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Marginalia

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04.07.2018

MARGINALIA #37

by Alex Donis
June 1, 2018 – June 30, 2018

Every month Marginalia invites an artist, curator or project to provide a series of images that will serve as the background of Terremoto, in relation to their practice and current interests. At the end of each month, the identity of our guest is revealed and the whole series of images is unveiled.

Most of my work from the past two decades specializes in unexpected, even impossible, pairings—an American marine performing a ballet with an Iraqi soldier, a Los Angeles police officer disco dancing with a member of a South-Central street gang, two rival soccer players in a tongue-kissing embrace. I place each of the couples against an undifferentiated neutral background, as though to suspend them in a space outside of historical context and political conflict. My dancers (and kissers) appear before us like lucid, technicolor fragments from an otherwise indecipherable dream. In pictures such as Abdullah and Sergeant Adams (from the series Pas de Deux, 2006) and Officer Moreno and Joker (from the series WAR, 2001), I take adversarial relationships marked by hatred and violence and restage them as dances of joy and mutual pleasure. I force deep-seated animosities to give way, however temporarily or tongue-in-cheek, to affection. I approach the most volatile and divisive of social issues—war, religion, street gangs, the police—through the unexpected lens of same-sex pairing and sensory pleasure. The series of paintings titled ¡Gol! (2014–2017) unite international futbol/soccer players from rival teams and countries whose geopolitical relationship has long been fraught with colonialist and de-colonialist legacies. The players are caught in mid-flight embracing and erotically kissing each other, giving new meaning to the jogo bonito (beautiful game).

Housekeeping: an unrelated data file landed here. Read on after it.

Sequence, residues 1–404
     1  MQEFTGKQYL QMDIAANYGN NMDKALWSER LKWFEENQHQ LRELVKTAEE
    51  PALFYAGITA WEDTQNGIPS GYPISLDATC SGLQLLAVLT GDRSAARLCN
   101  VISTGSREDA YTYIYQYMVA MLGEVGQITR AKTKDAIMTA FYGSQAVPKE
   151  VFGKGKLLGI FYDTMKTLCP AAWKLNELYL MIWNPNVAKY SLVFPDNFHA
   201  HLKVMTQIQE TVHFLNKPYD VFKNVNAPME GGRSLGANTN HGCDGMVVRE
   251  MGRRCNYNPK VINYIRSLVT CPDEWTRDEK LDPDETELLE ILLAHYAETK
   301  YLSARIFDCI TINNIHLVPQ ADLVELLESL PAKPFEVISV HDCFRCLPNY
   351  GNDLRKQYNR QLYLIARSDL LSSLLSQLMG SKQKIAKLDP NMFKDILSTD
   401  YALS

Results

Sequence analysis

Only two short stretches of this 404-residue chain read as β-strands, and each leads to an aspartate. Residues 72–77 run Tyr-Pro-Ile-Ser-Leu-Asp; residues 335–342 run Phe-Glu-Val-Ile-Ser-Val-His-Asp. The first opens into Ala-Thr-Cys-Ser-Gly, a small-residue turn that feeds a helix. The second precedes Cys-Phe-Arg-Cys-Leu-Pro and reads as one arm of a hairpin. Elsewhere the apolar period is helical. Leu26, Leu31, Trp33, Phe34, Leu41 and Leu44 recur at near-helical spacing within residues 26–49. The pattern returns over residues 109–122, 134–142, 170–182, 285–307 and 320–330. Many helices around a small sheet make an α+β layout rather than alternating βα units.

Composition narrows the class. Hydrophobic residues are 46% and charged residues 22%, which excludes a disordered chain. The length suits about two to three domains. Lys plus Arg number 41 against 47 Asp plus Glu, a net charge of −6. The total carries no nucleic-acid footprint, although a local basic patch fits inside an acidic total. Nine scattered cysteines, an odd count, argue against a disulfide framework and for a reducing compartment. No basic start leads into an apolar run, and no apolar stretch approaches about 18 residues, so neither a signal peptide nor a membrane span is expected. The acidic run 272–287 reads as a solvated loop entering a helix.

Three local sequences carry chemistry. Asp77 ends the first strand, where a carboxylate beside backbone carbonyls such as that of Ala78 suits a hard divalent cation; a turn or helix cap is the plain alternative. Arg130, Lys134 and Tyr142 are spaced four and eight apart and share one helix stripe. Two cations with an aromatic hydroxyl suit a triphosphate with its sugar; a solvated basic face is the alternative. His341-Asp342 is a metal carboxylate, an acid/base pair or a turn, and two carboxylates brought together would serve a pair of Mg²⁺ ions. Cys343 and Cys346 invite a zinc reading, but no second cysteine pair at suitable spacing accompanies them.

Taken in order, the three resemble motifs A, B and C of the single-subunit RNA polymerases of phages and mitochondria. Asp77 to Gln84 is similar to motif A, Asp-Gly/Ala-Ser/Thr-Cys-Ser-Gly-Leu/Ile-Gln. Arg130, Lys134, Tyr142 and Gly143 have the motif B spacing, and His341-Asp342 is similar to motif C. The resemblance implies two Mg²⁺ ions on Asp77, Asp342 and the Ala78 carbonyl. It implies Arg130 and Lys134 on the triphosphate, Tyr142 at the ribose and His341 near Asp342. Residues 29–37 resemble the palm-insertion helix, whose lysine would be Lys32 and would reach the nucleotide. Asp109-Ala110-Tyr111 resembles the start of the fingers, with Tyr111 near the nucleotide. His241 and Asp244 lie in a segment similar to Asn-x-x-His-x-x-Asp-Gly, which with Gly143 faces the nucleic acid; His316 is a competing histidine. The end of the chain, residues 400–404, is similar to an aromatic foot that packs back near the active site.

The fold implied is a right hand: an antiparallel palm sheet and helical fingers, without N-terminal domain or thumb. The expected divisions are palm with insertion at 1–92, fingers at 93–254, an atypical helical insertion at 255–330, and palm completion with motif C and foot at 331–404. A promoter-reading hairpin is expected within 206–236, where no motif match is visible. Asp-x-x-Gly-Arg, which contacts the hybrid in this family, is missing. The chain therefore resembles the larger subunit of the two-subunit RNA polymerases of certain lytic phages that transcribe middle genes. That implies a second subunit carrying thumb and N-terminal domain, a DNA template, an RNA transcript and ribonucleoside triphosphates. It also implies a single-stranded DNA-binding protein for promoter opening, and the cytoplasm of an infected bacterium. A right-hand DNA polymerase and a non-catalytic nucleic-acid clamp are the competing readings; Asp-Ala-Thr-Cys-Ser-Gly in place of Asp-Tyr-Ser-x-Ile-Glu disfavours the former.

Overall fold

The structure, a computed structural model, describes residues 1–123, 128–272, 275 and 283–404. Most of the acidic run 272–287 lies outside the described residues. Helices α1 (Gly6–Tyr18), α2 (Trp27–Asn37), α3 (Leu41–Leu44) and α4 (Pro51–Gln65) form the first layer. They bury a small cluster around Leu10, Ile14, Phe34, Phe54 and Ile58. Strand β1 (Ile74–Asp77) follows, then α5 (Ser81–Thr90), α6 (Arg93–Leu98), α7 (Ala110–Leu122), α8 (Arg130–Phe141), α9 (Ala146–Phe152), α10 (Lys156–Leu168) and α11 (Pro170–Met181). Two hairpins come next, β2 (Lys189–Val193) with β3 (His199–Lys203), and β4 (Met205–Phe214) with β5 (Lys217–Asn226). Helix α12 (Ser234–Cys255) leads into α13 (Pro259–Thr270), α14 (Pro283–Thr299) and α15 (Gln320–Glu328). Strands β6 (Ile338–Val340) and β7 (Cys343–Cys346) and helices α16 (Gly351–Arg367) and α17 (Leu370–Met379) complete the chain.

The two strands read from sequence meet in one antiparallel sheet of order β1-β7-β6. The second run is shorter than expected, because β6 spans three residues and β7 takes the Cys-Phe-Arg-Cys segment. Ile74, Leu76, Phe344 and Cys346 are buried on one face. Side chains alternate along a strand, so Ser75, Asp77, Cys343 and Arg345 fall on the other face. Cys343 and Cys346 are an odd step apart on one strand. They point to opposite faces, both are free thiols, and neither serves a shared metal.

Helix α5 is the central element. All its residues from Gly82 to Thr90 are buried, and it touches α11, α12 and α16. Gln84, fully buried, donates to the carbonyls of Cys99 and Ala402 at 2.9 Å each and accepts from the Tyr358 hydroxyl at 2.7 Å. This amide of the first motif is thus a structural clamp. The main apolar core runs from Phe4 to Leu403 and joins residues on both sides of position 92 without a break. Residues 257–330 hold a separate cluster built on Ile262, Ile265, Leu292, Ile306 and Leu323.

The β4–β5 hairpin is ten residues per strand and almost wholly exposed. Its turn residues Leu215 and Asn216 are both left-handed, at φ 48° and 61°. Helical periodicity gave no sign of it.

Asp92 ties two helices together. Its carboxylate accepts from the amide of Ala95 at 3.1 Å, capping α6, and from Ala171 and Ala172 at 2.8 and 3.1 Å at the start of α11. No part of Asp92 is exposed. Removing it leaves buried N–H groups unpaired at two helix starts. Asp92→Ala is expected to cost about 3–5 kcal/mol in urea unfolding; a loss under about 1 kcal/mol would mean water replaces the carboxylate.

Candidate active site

— Alex Donis

Alex Donis is a Los Angeles-based artist whose work examines and redefines the boundaries set within religion, politics, race, and sexuality. Interested in toppling societies’ conventional attitudes, his work is often influenced by a tri-cultural (Pop, Latino, and Queer) experience. He has worked extensively in a variety of media including painting, installation, photography, video, and works on paper. 

He was born in 1964 in Chicago, IL and was educated at a Catholic school in East Los Angeles, an East-coast prep school in Massachusetts, and a military academy on the Southern coast of Guatemala. He received his undergraduate degree at California State University, Long Beach and his graduate degree from Otis College of Art & Design in Los Angeles. His work has been at the heart of several controversial incidents that have stirred national debates regarding censorship in the arts. He has participated in hundreds of national and international, individual and group exhibitions, most notably: Made in California: Art, Image & Identity 1900-2000 at the LA County Museum of Art, Potentially Harmful: The Art of American Censorship at Georgia College and State University in Atlanta GA, and the 10th Biennale of Havana, in Havana, Cuba. His work has appeared in numerous publications including Art in America, Flash Art, Artpapers, ArtForum, ArtNews, New York Times, and Art and Queer Culture published by Phaidon Press.

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